This makes for a chaotic and stressfull life for people in Zimbabwe, apart from the few who have access to hard currency, and can thus change a little as they need it. As a visitor I fall into this category, and while it is complicated, as I will describe later, for a Zimbabwean life is very hard. For example, Jealous told me how he has a son at a boarding school somewhere else in Zimbabwe. They payment for the school is made annually, however, since the price of food is doubling each month in ZW$ terms the fees paid cannot possibly cover the cost of food for Jealous’s son and other students. So the school has little choice (short of closing) but to ask the parents to make emergency payments each month to cover the increased cost. And that is the situation for someone in a relatively well paid and stable job. Unemployment is running at about 80%.
For a visitor like myself with hard currency well hidden and secured over various parts of his body, the greatest stresses are spared, but there are some interesting things that must be born in mind.
There are several exchange rates which must be understood. There is the official exchange rate of ZW$250 to the US dollar. There is the semi-official negotiated exchange rate used by NGOs and other international organisations of ZW$20,000. And there is the parallel market rate of ZW$90,000. For official expenses I am changing at the ZW$20,000 rate, which means what I spend money on officially costs roughly five times more than it could. But there is worse! The hotel is allowed to charge for accomodation in USD, but must charge for meals, laundry etc in ZWD. But if you put these things on your room bill, they must be converted to USD at the official rate of 250:1. Let’s look at buying a beer at the bar. A bottle of Zambezi beer (very tasty!) costs ZW$50,000. At the black market rate, that is somewhere between 50 and 60 cents. At the rate I’ve been using, it is $2.50. But if I make the mistake of signing for that beer, when I come to check out US$200 will have been added to my bill. When I enquired about laundry at the check in counter, the concierge informed me that getting a suit dry cleaned would cost $1,200 if I signed for it. “That can be quite embarrasing” he said.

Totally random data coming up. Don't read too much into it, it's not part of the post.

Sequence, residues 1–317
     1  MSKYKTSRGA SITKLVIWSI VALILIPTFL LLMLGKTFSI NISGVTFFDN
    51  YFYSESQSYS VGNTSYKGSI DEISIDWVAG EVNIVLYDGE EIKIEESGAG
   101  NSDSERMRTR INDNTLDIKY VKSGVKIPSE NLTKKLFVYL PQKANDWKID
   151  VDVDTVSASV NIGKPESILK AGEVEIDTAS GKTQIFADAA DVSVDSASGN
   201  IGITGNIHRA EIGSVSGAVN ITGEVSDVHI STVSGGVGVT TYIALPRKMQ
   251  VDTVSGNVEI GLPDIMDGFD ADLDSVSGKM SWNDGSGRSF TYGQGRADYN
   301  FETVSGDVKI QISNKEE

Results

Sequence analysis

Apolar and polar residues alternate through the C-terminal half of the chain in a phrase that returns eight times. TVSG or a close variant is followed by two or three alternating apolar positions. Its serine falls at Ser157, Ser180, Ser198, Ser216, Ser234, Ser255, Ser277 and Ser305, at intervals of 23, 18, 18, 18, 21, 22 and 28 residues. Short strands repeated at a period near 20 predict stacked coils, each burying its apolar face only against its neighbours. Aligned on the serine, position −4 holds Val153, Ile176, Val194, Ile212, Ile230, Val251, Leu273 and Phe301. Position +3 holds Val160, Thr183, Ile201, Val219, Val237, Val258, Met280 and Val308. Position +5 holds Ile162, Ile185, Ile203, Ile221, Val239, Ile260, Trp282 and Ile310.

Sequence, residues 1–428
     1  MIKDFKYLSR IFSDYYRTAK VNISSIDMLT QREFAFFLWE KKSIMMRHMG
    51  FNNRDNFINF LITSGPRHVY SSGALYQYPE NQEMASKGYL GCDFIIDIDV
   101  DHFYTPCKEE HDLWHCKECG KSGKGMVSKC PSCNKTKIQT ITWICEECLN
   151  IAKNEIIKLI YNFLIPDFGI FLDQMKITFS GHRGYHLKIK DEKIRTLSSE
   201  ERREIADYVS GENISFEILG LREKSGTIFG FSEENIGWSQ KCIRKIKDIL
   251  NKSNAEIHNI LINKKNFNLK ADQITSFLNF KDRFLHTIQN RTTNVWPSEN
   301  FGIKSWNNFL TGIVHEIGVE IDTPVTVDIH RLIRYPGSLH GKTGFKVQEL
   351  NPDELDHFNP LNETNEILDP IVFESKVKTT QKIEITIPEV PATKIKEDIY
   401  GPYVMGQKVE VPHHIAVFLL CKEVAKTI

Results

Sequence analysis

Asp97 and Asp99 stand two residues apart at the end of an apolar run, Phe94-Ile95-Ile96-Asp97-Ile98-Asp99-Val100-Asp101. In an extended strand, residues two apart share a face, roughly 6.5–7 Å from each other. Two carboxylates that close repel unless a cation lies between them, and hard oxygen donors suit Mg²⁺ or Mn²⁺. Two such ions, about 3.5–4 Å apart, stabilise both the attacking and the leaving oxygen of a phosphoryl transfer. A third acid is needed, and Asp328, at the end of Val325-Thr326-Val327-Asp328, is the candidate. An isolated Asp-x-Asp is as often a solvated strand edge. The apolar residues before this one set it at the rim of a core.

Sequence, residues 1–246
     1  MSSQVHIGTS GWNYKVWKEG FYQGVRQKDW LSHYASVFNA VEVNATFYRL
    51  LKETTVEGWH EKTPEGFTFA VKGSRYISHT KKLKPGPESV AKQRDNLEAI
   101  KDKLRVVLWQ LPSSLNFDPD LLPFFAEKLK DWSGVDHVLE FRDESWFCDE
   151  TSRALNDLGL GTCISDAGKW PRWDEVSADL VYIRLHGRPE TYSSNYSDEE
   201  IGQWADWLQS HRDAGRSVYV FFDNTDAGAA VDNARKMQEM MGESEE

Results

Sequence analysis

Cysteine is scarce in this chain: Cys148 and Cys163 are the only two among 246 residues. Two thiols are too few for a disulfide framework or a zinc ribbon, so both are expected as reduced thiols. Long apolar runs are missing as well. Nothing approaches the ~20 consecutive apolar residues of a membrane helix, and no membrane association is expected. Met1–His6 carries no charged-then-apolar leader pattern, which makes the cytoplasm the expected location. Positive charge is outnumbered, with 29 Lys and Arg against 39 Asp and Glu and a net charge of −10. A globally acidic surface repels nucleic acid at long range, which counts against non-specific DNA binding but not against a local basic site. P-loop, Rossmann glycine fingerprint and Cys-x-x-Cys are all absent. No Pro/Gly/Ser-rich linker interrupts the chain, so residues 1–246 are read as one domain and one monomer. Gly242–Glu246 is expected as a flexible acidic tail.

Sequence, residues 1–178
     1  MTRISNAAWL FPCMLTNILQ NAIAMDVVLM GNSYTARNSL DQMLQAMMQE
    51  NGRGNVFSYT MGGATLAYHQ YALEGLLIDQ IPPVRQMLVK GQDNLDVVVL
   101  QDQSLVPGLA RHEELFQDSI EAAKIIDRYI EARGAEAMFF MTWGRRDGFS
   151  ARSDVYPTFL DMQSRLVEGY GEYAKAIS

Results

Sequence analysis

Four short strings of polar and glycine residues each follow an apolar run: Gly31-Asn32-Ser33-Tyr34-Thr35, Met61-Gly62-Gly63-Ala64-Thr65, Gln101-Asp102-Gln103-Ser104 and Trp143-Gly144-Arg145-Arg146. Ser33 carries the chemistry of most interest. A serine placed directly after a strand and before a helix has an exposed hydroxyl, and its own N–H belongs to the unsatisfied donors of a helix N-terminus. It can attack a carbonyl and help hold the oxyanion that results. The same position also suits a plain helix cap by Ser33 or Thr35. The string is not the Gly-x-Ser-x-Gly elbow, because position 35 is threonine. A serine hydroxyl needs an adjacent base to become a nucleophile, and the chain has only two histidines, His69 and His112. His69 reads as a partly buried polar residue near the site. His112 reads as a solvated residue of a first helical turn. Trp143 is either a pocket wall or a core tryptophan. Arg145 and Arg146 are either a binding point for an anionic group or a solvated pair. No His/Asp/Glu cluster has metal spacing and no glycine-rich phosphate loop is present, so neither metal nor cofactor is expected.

And remember that inflation – the non-official rates change on a daily basis! Tomorrow the black market rate may be as high as ZW$100,000 to US$1. The beer may cost 60,000 tomorrow. But the official rate stays at $250, inflating my tab considerably.
Everyone in Zimbabwe I have met so far seems to be talking and thinking about money all the time – things are so complex, I am not surprised. I was surprised to hear that the stock market here is doing fairly well, with many middle class participants, and some people even making a tidy profit in companies that have found legal loopholes or other ways to beat the system. Of course, some people are losing everything, but the way things are here, you lose everything by standing still.
What amazes me is that the country isn’t in a total state of decay. Much of the infrastructure (in Harare at least) is operational – tap water is even supposedly drinkable, traffic lights work, electricity flows, the internet connection in our office here is easily the best I have seen in seven African countries. Economically, things have been “unsustainable” here since 1999 – rather a sustained record of economic chaos. How much can it spiral before something happens, and does this duration of extreme problems translate into extreme outcomes. Time may tell…
It’s all very strange.